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50 Years Ago: Selma to Montgomery and the Right to Vote

Selma to Montgomery March Research Topic in ProQuest eLibrary

Selma to Montgomery March Research Topic in ProQuest eLibrary

Imagine you go to your county clerk to register to vote. You complete the required registration forms and give them to the clerk. However, before being added to the voter roll, you are told you must pay a poll tax or pass a literacy test—a test with questions such as “How many county judges are there in the state?” or “Name each of the county judges in the state.” Many people, educated or not, would not be able to answer these questions. Scenes like this (as depicted in the recent movie Selma) played out in the South daily for many African Americans when trying to register to vote.  Though the Fifteenth Amendment to the U.S. Constitution prohibited the denial of the right to vote of any citizen based on “race, color or previous condition of servitude” by both the federal and state governments, it would be 100 years before African Americans had that right fully enforced.

Efforts to register black voters in Selma (Dallas County) Alabama began in 1963 with local organizers joining the Student Nonviolent Coordinating Committee (SNCC).  After passage of the Civil Rights Act of 1964 which banned racial discrimination and protected voting rights, African Americans continued to be disenfranchised at every turn. In the spring of 1965, at the urging of local activists, Martin Luther King Jr. and the Southern Christian Leadership Conference (SCLC) joined the cause.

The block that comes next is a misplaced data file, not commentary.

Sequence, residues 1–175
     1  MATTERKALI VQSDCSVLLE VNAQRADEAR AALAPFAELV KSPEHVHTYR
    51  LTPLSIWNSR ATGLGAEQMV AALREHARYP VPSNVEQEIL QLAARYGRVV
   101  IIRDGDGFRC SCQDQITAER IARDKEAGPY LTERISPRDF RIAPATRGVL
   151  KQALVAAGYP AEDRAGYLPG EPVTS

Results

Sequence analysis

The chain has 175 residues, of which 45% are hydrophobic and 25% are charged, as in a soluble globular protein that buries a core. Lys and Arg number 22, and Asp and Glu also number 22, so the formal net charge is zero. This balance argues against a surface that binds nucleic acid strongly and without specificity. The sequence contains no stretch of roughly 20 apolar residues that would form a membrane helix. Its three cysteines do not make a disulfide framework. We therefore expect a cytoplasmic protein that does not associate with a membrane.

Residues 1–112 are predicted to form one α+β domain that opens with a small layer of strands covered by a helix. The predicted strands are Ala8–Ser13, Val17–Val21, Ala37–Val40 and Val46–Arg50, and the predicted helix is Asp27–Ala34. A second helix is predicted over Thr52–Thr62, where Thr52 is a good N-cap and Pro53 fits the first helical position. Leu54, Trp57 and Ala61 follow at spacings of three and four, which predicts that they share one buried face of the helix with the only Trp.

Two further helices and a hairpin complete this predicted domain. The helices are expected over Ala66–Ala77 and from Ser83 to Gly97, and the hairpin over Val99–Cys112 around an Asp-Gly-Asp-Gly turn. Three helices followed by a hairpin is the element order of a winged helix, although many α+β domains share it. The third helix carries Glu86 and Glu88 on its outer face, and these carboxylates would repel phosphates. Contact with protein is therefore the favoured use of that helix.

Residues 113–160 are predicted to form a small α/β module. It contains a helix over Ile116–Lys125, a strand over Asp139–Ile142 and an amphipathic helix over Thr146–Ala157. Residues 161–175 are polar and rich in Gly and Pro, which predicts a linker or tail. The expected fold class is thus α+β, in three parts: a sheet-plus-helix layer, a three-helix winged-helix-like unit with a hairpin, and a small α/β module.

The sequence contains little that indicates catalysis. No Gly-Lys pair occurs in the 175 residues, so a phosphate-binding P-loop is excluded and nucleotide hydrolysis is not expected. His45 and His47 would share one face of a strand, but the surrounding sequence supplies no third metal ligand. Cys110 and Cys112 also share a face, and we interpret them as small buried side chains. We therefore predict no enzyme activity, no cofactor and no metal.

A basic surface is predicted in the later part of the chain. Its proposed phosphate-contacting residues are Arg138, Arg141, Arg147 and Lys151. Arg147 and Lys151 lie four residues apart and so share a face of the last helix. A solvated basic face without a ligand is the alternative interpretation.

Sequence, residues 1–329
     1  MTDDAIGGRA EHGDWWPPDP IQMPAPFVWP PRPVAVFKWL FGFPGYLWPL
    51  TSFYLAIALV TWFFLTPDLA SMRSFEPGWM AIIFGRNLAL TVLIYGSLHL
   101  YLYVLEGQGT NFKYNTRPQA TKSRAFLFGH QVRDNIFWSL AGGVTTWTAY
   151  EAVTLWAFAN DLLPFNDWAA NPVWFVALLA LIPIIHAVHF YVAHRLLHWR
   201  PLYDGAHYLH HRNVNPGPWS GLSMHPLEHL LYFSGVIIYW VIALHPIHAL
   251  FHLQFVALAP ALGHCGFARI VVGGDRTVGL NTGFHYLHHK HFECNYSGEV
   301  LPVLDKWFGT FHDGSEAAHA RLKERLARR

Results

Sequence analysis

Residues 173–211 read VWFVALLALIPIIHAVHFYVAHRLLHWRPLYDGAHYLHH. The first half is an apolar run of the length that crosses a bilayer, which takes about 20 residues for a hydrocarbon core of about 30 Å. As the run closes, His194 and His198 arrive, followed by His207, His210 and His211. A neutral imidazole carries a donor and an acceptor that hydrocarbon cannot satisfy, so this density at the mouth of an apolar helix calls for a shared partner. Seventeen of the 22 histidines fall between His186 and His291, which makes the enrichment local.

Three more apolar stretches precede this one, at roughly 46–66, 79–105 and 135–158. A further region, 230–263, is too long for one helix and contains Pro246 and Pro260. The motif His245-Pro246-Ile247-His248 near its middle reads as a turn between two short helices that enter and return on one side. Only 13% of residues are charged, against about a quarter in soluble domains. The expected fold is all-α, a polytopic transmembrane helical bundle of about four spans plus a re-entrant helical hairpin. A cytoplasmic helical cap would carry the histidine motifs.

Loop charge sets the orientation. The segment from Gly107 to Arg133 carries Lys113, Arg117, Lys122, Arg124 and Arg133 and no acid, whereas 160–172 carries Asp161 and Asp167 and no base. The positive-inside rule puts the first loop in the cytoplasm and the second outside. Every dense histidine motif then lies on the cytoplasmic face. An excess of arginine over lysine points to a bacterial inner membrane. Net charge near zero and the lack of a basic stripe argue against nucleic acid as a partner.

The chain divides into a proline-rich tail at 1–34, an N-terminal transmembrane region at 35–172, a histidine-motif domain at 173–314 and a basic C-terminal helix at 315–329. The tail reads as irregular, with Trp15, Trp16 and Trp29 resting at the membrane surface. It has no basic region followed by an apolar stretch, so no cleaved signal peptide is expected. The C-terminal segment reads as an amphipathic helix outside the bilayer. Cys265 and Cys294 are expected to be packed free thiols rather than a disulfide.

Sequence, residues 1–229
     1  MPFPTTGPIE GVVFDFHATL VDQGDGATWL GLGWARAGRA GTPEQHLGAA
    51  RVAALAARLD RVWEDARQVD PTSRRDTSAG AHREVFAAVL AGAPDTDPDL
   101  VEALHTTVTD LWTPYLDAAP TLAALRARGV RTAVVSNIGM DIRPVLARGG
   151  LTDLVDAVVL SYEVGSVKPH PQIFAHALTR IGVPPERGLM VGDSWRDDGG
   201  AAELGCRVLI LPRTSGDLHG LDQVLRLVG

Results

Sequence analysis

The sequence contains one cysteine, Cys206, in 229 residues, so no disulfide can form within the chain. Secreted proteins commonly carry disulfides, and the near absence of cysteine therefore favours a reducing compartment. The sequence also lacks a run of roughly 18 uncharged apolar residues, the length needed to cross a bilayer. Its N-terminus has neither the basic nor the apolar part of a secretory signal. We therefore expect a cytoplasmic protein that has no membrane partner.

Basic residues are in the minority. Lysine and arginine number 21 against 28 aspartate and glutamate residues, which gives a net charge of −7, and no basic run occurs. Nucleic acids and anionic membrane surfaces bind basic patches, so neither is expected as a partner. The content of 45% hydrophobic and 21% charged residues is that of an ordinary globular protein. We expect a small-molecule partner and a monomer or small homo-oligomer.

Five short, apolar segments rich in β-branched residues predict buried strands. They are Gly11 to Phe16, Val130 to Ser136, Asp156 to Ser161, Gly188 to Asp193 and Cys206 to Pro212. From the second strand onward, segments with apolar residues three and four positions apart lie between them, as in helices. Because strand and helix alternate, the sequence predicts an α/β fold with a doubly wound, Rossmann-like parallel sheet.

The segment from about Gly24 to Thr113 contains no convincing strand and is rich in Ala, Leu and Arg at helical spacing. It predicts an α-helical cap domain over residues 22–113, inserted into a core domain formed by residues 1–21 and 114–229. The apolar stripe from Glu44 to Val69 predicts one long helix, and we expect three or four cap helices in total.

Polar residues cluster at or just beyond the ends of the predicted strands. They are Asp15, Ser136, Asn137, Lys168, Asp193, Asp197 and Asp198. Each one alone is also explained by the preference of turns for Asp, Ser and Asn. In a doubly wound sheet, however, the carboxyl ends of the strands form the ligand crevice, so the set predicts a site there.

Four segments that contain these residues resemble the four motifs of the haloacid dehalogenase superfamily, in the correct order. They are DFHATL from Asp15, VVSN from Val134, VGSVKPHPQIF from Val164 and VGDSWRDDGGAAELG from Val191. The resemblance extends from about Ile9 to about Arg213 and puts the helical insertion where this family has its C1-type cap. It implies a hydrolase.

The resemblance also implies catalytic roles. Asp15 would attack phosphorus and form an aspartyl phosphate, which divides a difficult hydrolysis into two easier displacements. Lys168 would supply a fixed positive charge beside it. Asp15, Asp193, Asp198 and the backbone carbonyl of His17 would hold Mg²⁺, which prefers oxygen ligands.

On February 18, during a peaceful protest march, activist Jimmie Lee Jackson was shot by a state police officer. He died from his wounds on February 26. His death would be the catalyst for the march from Selma to the state capital of Montgomery.

Police attack Selma to Montgomery marchers on March 7, 1965 (Bloody Sunday).

Public Domain via Wikimedia Commons

At Dr. King’s encouraging, supporters from all over the country came to Selma to march. The first march took place on March 7.  Some 600 marchers would be attacked on the Edmund Pettus Bridge by troopers and county locals armed with barbed-wire billy clubs and tear gas. John Lewis, one of the leaders, sustained a head injury. Another leader, Amelia Boynton, beaten unconscious, lay on the bridge. Images of the violence on Bloody Sunday as it would become known were seen worldwide.  Two days later, instead of walking through the police presence which had moved to allow the marchers to pass, Dr. King led marchers back to Selma in order to receive federal protection for the march.  That same night, James Reeb, a Unitarian pastor from Boston who had heeded the call to come to Selma, was murdered.  The nation was outraged by what it had seen in Selma.  In response, on March 15, President Lyndon Johnson before a televised session of Congress asked for the passage of a voting rights bill stating “the real hero of this struggle is the American negro…he has asked us to make good the promise of America.”

The final march to Montgomery began six days after President Johnson’s appeal.  With federal protection, marchers walked 54 miles on Route 80 sleeping and eating on the side of the road.  Arriving in Montgomery on March 24 and at the state capitol building on March 25, the group was 25,000 strong.

The Selma marches were pivotal in the civil rights movement.  From the small town of Selma, Alabama one of the most important pieces of civil rights legislation was born.  On August 6, 1965, the Voting Rights Act was signed into law.  The pressure of activists, many whose names are not known, resulted in the enfranchisement of millions of African Americans over the years.